"The months leading up going into the studio Cody sent me half a dozen songs or so to give me an idea of what he was working with. In listening to these songs recorded on his iPhone and an acoustic guitar, all I could think of was good old classic country. It’s a type of record I have wanted to make with Cody for a long time. So, I began referencing songs and artists from the 40’s thru the late 80’s. One thing became very evident to me early on - the simplicity of the music accompanying the vocals and the song itself.
I felt like I found my baseline for the record. I put Cody and the Tonedeaf Hippies, except for Dave, in one room to track as much live as we could. (Poor Dave, even though the communication was great between us all, he had to be in a room all alone.) I can’t remember which song we started with, but within the first two or three songs we began tracking “After the Fire”. We had gotten the structure down as a band but were having a hard time figuring out the best way to start the song. It was Cody who said, “Hey, how about Dave start the song and let’s just feel this thing out.” The next take is what you hear on the record. After we finished we all looked at each other and knew we had the take.
“Ain’t a Train” was one of my favorite songs to produce. This was a situation where I needed the guys to trust my vision. I approached this song like two acts in a play. There is the first act that feels heavy and moody. The second act explodes with the fiddle and has that feeling of enlightenment. The challenge with this song was it would be six weeks and the second recording session before the fiddle was recorded even though the rest of the song had been cut. Billy came in and absolutely sold the song with his fiddle part. By the way, that solo you hear is a one-take solo. No edits, no magic, just Billy.
Another great moment happened during “William and Wanda”. It was Cody’s idea to have two acoustics as the only instruments for the song. Eddie, our amazing sound engineer and my right hand man in the studio, is a master at tracking these types of situations live. We were at the end of a twelve hour day and I wanted to start the next day with this song. Equipment had to be re-arranged for this kind of setup. We took the time that night to get set up for the next day. Cody, Chris and Drew also took that time to work on the song for the next day. The lights were low in the control room and I was looking over my notes getting my plan ready for the next day. Eddie catches my attention running into the room frantically setting ProTools up to begin recording. I ask him, “What the hell are you doing?” He says, “We have to capture this moment now!” I should probably say I had actually never heard the song up until this point. Eddie starts recording and turns up the main speakers in the control room. What I hear stops me in my tracks. Just like many of you, when you heard the song for the first time, I was crying like a baby by the last verse. Cody, Chris and Drew had no idea we were recording them. They just thought they were rehearsing the song. They went through in two or three more times and called it a night. When they came back into the control room I was happy to say, “Well guys, I think we just finished another song.”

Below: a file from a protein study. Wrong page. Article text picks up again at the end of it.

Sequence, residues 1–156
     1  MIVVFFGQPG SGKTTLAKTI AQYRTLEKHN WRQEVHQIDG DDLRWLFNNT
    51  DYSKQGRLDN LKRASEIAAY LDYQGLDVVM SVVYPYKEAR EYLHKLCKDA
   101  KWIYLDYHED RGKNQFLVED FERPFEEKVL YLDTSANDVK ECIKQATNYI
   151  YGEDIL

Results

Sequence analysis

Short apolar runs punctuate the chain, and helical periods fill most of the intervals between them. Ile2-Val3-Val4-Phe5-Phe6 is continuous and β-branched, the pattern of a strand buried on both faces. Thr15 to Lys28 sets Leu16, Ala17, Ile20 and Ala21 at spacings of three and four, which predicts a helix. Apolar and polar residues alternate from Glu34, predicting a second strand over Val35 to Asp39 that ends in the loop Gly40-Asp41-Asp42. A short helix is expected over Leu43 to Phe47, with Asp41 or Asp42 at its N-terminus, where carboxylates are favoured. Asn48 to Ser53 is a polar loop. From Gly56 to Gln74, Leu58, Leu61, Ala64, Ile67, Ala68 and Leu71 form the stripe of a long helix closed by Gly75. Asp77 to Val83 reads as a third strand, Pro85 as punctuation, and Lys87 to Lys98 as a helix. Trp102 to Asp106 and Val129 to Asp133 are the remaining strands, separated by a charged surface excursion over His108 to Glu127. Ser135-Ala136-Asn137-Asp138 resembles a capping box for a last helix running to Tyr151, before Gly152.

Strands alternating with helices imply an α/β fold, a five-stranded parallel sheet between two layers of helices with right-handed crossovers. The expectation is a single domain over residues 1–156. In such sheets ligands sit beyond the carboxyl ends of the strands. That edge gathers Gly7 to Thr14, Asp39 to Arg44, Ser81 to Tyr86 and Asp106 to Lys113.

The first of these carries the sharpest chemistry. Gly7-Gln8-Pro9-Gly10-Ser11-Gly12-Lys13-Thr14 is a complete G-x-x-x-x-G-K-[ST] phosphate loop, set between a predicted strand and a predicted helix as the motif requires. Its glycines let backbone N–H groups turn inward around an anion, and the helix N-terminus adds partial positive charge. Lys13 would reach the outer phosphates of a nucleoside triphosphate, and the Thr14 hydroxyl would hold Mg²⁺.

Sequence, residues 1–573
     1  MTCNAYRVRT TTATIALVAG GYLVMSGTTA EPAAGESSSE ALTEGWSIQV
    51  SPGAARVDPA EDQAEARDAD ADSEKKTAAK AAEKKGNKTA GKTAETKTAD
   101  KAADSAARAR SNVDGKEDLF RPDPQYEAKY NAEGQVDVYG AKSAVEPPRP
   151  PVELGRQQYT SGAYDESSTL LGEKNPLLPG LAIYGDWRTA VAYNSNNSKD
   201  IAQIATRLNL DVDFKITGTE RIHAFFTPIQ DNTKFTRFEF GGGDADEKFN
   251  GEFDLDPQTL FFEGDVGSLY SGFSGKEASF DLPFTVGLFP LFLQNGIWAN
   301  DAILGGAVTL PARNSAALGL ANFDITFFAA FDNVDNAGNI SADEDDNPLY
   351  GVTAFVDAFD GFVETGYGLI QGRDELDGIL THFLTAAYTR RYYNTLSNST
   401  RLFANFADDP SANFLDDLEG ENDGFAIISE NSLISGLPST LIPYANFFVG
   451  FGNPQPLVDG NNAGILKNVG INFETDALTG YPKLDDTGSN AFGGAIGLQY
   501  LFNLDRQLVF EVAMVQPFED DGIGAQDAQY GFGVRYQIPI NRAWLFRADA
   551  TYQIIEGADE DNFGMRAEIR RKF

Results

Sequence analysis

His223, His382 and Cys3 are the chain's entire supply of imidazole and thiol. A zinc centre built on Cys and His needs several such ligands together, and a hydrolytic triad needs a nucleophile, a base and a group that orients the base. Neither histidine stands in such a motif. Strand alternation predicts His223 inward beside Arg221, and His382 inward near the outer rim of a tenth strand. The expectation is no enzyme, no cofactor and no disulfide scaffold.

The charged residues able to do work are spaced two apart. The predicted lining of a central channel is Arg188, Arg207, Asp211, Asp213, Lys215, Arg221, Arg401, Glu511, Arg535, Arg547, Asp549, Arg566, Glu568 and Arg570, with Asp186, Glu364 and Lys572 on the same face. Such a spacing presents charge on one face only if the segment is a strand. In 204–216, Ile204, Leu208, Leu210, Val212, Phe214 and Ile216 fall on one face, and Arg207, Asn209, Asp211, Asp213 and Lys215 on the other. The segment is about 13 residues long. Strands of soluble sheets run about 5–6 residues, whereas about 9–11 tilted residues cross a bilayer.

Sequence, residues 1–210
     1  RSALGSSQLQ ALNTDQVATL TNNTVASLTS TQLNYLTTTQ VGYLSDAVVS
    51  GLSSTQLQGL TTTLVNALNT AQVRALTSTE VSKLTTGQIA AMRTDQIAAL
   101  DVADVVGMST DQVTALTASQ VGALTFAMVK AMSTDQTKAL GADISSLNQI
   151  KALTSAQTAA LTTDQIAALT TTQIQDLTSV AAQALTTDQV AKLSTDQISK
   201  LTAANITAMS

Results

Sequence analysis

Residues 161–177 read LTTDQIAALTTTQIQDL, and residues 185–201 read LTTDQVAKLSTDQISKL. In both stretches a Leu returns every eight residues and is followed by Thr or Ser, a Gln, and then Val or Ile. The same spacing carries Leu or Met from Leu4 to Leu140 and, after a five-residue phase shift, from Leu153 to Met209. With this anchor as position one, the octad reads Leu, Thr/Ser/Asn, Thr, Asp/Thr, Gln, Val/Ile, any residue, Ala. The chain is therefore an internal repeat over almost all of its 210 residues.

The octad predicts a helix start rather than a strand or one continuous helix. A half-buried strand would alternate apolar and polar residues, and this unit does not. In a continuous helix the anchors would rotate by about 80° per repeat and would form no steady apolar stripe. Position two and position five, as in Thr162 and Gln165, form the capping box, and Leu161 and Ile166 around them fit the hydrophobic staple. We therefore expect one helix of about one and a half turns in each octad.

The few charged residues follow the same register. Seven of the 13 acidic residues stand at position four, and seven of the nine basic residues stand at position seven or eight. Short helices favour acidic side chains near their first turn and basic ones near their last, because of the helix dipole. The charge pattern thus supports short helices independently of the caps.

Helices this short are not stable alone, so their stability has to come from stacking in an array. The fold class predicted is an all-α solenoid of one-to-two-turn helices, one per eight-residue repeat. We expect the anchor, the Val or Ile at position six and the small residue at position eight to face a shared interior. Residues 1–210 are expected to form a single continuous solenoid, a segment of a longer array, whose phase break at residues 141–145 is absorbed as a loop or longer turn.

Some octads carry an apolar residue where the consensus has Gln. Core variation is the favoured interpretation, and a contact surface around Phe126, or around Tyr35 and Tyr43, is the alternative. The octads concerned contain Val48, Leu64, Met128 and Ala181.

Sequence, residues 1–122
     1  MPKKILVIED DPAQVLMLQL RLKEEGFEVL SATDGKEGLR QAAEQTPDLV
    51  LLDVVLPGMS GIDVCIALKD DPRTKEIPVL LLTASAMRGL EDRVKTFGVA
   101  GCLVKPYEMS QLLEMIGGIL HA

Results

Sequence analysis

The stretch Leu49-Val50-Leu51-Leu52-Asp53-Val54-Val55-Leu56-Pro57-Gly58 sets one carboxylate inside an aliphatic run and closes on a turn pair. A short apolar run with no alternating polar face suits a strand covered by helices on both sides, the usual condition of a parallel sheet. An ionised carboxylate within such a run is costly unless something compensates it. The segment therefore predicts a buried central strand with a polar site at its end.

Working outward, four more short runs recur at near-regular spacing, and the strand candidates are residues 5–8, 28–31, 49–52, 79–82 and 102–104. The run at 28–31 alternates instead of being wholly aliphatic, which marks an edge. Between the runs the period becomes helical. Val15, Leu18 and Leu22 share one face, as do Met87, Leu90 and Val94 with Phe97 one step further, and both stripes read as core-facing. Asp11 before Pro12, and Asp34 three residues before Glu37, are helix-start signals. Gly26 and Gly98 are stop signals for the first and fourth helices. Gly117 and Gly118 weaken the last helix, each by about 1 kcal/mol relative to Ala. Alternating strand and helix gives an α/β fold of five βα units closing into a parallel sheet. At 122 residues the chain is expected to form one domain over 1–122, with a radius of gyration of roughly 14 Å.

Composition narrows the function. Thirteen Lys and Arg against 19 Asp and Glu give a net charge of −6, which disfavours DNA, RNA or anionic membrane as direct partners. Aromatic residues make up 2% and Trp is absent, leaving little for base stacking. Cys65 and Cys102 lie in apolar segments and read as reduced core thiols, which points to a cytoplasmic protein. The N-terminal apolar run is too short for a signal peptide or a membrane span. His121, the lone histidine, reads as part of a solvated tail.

I know I did not go into this project thinking we would come out with two records. You always want to record more than you release. Some songs just don’t end up working like you think they will. We were 15-16 songs in and really proud of everything we had done to this point. With songs like “Yesterday Again”, “It Don’t Rain in California”, “Whiskey”, and “Think Like You Think” I felt we had made a really great “county” record. We could have stopped right then and there, but the songs just kept coming. “The Wanting”, “Wounded Mind”, and “Which One I Feed” were all part of the last group of songs we recorded. Time is a precious commodity in the studio. For the first time in my studio experience we actually had the time and liberty to get creative and try some ideas on these songs. From the gang vocals on “The Wanting”, to the heavy riffs in “Wounded Mind”, or walking the thin line of “is this ‘dark county or straight up metal” for “Which One I Feed”. It was a really great and exciting way to finish up this record.